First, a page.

Researchers with the Fatty Acid Research Institute (FARI) and collaborators have published the first direct evidence that having high levels of this nutrient in your blood may reduce risk of death from COVID-19 infection. The findings were published in the PLEFA journal.
Eat More Fish
There are several papers in the medical literature hypothesizing that omega-3 fatty acids should have beneficial effects in patients with COVID-19 infection, but up until now, there have been no published peer-reviewed studies supporting that hypothesis.
This study examined 100 Covid-infected patients that were admitted to the hospital. After analyzing their blood samples, researchers found that patients with high levels of omega-3 in their blood had a reduced risk of dying from COVID.
In fact, they were 75 percent less likely to die than patients with lower circulating omega-3 levels. Overall, patients with lower omega-3 levels in their bloodstream were four times likelier to die than those with higher omega-3 levels.
Patients with adequate levels of omega-3 in their blood were 75% less likely to die than those who had inadequate amounts. Overall, patients with lower omega-3 levels in their bloodstream were four times likelier to die than those with higher omega-3 levels.
The study “strongly suggests that these nutritionally available marine fatty acids may help reduce risk for adverse outcomes in COVID-19 patients,” said Arash Asher, MD, the lead author on this study. “Larger studies are clearly needed to confirm these preliminary findings,” he added.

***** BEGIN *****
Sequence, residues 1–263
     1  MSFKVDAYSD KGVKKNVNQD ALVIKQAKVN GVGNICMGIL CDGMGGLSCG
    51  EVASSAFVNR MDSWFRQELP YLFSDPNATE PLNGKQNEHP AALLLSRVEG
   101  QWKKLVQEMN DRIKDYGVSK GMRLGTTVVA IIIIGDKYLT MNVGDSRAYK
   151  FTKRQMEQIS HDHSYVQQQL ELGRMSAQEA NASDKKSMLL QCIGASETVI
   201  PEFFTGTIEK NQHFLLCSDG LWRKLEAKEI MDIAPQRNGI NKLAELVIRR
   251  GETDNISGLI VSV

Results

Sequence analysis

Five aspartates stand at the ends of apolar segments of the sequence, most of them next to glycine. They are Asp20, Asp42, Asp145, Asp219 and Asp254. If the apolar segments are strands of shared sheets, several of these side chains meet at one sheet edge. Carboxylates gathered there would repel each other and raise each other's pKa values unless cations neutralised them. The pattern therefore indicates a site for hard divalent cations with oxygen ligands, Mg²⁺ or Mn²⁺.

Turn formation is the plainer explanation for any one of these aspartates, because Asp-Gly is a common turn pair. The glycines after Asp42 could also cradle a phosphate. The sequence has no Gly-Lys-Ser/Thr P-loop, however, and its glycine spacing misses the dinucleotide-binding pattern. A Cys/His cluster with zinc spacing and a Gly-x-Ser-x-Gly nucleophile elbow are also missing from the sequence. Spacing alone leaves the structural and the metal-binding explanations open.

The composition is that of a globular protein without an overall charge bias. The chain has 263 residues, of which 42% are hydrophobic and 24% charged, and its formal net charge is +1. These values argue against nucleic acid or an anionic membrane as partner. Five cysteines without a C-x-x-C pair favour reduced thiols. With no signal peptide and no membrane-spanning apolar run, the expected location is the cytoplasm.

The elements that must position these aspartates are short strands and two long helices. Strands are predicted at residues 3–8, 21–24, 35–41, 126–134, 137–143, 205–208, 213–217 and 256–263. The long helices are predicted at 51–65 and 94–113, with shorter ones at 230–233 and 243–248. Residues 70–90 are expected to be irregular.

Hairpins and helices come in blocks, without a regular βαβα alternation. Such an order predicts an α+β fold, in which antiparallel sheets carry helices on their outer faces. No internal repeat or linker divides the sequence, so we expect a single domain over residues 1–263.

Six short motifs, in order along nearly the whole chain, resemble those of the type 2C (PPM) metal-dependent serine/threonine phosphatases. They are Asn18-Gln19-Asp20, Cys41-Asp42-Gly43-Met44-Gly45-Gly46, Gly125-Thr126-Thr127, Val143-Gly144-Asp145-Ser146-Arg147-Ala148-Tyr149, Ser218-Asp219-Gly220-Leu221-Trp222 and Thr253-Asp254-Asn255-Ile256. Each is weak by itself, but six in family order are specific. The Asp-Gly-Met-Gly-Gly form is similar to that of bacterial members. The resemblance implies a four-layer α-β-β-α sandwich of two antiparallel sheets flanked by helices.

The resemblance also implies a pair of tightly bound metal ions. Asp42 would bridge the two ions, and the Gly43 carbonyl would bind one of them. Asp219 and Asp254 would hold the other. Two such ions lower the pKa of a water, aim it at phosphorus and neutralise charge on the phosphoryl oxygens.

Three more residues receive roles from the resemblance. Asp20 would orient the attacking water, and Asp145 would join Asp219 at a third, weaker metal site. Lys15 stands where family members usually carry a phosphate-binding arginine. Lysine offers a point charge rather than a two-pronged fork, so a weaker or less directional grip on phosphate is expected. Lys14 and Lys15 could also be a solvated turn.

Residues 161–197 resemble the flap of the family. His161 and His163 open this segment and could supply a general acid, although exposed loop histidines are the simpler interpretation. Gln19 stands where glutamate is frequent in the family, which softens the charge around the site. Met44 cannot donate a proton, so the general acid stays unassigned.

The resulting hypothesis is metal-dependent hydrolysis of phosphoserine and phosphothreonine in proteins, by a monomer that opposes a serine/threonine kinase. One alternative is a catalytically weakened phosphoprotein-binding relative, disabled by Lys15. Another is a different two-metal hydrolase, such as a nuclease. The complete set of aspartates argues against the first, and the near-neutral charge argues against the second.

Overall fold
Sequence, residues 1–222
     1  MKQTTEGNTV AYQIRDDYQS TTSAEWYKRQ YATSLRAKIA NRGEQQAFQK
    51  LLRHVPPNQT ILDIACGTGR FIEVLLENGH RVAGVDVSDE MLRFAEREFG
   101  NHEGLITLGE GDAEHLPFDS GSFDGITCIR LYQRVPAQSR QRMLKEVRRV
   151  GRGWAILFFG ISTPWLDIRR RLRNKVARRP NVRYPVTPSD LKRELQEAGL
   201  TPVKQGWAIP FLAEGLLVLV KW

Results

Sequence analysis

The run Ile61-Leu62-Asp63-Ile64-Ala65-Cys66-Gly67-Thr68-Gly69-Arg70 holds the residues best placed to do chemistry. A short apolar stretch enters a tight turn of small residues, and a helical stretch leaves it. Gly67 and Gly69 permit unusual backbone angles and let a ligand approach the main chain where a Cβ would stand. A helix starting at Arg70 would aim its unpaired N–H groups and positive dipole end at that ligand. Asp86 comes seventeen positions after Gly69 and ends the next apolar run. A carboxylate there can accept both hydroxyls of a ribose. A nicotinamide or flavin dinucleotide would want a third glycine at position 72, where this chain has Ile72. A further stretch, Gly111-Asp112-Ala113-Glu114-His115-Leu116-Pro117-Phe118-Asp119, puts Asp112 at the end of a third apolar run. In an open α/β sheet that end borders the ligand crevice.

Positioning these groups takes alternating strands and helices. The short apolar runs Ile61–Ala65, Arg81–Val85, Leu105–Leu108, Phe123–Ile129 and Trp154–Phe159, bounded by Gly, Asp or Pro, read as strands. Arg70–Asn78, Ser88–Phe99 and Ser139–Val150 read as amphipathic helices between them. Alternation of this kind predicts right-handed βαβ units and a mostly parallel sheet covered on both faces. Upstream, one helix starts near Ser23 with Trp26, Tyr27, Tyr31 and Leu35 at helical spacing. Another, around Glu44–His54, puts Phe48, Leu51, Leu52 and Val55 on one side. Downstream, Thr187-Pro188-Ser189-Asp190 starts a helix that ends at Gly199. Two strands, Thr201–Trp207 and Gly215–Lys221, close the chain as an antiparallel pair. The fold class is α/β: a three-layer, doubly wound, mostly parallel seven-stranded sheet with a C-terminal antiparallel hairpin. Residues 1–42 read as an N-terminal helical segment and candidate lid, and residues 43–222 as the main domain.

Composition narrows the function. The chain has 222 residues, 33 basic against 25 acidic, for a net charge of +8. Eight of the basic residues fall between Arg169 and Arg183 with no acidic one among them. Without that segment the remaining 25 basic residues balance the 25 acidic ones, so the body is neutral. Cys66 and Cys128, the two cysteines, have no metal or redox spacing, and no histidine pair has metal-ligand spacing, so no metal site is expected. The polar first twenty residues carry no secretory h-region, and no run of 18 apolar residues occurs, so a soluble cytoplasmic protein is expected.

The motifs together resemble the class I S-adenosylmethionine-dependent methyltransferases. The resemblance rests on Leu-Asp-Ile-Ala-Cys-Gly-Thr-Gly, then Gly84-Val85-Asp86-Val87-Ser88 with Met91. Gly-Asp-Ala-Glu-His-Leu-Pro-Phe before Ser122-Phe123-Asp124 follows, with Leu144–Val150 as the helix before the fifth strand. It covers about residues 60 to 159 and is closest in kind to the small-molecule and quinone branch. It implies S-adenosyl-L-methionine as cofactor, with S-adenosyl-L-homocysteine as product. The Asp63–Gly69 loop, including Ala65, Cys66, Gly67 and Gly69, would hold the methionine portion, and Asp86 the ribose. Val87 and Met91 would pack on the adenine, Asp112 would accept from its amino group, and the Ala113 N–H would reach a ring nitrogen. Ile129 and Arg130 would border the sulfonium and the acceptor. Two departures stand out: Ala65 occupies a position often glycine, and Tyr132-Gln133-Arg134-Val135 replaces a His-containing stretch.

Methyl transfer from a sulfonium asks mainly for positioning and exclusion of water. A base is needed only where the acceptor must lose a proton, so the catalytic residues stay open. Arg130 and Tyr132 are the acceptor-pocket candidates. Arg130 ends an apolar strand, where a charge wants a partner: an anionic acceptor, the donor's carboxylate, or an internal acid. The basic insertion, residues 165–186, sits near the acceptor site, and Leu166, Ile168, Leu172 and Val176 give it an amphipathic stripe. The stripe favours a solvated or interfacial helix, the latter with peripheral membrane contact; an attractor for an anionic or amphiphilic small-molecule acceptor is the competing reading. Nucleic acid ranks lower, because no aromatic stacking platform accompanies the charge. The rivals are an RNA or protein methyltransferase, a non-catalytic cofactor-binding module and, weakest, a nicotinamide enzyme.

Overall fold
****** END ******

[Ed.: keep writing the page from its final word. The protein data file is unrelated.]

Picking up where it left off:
Omega-3 expert James H. O’Keefe, Jr., MD, who was not involved with the study had this to say: “An excessive inflammatory response, referred to as a ‘cytokine storm,’ is a fundamental mediator of severe COVID-19 illness. Omega-3 fatty acids (DHA and EPA) have potent anti-inflammatory activities, and this pilot study provides suggestive evidence that these fatty acids may dampen COVID-19’s cytokine storm.”
The FARI research team is currently seeking funding to expand upon these preliminary observations. Individuals and organizations that want to support this research are encouraged to visit FARI’s donations page.